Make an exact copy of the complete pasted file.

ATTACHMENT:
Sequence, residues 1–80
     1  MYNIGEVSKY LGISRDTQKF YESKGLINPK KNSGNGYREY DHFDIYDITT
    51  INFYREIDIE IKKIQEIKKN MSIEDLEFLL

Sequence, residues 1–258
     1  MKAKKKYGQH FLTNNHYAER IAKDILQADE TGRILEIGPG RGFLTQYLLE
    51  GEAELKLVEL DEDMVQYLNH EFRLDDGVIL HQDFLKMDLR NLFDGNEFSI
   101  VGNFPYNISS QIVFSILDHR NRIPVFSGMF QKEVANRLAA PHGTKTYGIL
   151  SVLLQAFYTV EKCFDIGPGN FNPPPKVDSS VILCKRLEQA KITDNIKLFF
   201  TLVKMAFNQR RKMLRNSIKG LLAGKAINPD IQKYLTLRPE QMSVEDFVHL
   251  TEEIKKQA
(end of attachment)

Sequence, residues 1–80
     1  MYNIGEVSKY LGISRDTQKF YESKGLINPK KNSGNGYREY DHFDIYDITT
    51  INFYREIDIE IKKIQEIKKN MSIEDLEFLL

Sequence, residues 1–258
     1  MKAKKKYGQH FLTNNHYAER IAKDILQADE TGRILEIGPG RGFLTQYLLE
    51  GEAELKLVEL DEDMVQYLNH EFRLDDGVIL HQDFLKMDLR NLFDGNEFSI
   101  VGNFPYNISS QIVFSILDHR NRIPVFSGMF QKEVANRLAA PHGTKTYGIL
   151  SVLLQAFYTV EKCFDIGPGN FNPPPKVDSS VILCKRLEQA KITDNIKLFF
   201  TLVKMAFNQR RKMLRNSIKG LLAGKAINPD IQKYLTLRPE QMSVEDFVHL
   251  TEEIKKQA